DIFFERENT SURGICAL OPTIONS IN CUSHING’S DISEASE

Ana Valea1,2, Cristina Ghervan1,2,Mara Carsote3,4, Simona Elena Albu3,5, Carmen Emanuela Georgescu 1,2

1The University of Medicine and Pharmacy ”Iuliu Hatieganu”, Cluj-Napoca, Romania
2Clinical County Hospital, Cluj-Napoca, Romania
3The University of Medicine and Pharmacy “Carol Davila”, Bucharest, Romania
4“C.I. Parhon” National Institute of Endocrinology, Bucharest, Romania
5The University Emergency Hospital, Bucharest, Romania

Corresponding author: Mara Carsote
Phone no. 0040213172041
Email: This email address is being protected from spambots. You need JavaScript enabled to view it.

Abstract

Cushing’s disease represents a severe endocrine disorder caused by prolonged exposure to pituitary tumor-related high cortisol levels. Pituitary surgery is not always successful and other approaches as radiotherapy, direct suppressors of adrenocortical and/or pituitary activity, bilateral adrenalectomy are necessary. Case report 1 - A 15-year-old female was admitted at the age of 14 for secondary amenorrhea, weight gain and emotional disturbances. Pituitary MRI revealed 2 microadenomas of 3 mm, respective 3.5 mm. The pathological report confirmed benign features. After 12 days of hospitalization, the patient was discharged with the recommendation of levothyroxine. Within the first year after surgery, the thyroid insufficiency due to pituitary surgery remitted. Case report 2 - A 66-year-old male presented at the age of 37 with headache, weight gain, high blood pressure and Cushing’s disease was confirmed. Pituitary radiotherapy was preferred to pituitary surgery since no pituitary tumor was revealed at imagery. 3 years later, two times open bilateral adrenalectomy was performed due to persistent hypercortisolism. The histology exam revealed bilateral adrenal hyperplasia. After discharge, lifelong therapy for adrenal insufficiency was required. 32 months later, the clinical picture was complicated with Nelson’s syndrome based on skin hyper-pigmentation and high ACTH (Adrenocorticotropic Hormone) despite no obvious pituitary adenoma was revealed by imagery. Weekly cabergoline was introduced to correct the increased ACTH. Transsphenoidal hypophysectomy represents the treatment of choice for ACTH- producing pituitary tumors. The cases when pituitary surgery is not optional or successful, a second surgical procedure as bilateral adrenalectomy might become necessary.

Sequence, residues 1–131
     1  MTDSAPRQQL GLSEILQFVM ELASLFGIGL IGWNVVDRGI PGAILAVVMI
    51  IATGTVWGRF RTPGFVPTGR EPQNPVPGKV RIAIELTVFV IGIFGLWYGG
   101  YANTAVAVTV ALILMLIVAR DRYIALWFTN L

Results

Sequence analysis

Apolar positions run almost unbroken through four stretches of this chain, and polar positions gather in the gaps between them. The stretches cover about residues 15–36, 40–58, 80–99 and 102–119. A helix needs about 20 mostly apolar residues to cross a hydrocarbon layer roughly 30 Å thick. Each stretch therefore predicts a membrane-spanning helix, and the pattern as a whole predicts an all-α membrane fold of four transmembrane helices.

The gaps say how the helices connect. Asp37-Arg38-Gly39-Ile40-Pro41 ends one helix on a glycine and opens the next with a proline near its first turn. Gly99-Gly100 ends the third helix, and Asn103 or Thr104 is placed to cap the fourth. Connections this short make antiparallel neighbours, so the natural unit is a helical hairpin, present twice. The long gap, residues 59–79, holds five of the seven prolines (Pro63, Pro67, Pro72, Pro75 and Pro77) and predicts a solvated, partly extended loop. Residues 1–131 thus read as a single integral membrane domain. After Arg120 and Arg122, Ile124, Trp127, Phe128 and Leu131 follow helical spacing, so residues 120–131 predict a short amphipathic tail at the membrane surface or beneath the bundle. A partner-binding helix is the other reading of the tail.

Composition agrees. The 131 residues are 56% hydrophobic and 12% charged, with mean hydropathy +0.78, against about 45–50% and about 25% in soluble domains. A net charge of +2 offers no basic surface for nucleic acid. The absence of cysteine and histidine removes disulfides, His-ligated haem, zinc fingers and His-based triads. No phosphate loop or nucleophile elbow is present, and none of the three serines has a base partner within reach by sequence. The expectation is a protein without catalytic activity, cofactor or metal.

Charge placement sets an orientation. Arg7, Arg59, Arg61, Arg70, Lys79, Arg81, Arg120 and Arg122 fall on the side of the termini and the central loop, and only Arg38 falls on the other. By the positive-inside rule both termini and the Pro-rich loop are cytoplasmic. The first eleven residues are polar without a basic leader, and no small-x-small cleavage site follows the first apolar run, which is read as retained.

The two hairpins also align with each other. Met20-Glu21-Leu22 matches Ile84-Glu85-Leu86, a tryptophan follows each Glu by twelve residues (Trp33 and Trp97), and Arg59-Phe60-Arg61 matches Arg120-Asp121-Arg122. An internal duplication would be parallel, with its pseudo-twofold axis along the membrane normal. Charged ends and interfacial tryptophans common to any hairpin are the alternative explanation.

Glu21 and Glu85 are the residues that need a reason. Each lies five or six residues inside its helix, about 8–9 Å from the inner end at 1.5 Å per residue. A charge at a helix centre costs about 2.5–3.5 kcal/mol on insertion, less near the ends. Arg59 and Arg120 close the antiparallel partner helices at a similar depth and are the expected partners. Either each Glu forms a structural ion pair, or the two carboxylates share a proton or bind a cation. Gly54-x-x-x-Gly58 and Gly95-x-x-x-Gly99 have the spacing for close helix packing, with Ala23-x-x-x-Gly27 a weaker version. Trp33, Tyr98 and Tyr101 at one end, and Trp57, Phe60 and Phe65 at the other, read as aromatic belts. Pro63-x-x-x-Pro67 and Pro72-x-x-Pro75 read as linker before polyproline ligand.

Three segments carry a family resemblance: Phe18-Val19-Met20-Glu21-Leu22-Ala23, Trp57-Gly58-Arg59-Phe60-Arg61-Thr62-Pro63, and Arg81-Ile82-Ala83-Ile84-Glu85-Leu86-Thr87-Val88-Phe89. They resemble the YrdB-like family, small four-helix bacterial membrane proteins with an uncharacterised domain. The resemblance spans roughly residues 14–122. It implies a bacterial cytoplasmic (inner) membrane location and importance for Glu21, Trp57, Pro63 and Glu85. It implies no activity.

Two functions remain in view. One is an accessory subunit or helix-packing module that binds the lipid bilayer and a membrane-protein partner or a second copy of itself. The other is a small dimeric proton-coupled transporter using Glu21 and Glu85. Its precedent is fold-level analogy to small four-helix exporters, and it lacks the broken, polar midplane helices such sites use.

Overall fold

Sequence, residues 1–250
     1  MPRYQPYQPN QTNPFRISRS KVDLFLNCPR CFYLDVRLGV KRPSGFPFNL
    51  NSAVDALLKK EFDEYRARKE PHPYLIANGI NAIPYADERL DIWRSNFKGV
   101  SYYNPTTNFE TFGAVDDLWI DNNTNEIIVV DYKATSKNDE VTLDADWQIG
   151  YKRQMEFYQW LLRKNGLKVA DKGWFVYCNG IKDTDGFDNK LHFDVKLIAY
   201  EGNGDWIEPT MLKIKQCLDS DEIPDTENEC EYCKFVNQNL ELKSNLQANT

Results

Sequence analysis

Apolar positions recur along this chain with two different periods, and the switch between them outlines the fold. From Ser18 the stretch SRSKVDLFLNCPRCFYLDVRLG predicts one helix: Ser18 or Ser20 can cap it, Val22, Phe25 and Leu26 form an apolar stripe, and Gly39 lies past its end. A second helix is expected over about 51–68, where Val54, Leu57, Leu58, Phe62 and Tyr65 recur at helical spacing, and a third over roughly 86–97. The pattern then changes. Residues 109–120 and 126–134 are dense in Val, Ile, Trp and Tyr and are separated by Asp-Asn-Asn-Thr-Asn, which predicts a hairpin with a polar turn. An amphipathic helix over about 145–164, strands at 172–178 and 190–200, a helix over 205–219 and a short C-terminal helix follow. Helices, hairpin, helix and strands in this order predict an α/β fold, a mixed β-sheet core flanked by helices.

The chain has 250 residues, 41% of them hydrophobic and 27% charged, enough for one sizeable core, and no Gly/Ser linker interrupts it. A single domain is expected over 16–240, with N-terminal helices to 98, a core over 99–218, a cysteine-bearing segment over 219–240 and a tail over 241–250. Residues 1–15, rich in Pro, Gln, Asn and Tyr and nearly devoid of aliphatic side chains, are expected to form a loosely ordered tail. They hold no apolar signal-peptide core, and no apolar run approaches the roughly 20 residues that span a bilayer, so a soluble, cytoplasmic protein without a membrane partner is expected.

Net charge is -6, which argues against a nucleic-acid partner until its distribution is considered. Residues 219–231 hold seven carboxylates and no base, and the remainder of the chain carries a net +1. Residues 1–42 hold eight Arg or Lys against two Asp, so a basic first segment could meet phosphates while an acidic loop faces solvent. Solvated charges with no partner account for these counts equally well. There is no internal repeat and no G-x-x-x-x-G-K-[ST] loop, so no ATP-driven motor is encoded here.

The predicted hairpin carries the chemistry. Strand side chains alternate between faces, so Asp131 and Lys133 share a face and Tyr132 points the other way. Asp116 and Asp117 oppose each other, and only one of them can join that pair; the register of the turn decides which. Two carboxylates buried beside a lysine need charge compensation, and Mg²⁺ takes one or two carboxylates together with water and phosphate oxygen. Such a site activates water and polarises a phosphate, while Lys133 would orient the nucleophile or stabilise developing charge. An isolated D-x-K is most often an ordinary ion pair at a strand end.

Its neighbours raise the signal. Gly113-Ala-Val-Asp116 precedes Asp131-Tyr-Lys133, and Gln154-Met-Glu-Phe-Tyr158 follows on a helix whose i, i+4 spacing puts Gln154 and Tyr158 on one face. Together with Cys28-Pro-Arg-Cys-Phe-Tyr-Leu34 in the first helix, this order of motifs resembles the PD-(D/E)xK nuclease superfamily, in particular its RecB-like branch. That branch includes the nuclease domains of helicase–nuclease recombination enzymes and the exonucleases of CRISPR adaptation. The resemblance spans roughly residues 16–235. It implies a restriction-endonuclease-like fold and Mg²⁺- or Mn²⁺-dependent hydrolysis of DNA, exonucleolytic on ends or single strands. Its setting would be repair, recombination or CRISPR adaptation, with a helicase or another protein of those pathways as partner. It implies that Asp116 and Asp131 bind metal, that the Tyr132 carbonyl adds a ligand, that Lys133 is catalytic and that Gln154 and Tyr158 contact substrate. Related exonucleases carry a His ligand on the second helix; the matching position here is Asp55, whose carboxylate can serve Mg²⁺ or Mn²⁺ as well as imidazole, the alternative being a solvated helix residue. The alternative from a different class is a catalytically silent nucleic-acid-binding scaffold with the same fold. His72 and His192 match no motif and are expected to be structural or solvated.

Keywords: Cushing’s disease, pituitary tumor, transsphenoidal hypophysectomy, adrenalectomy, hypercortisolism

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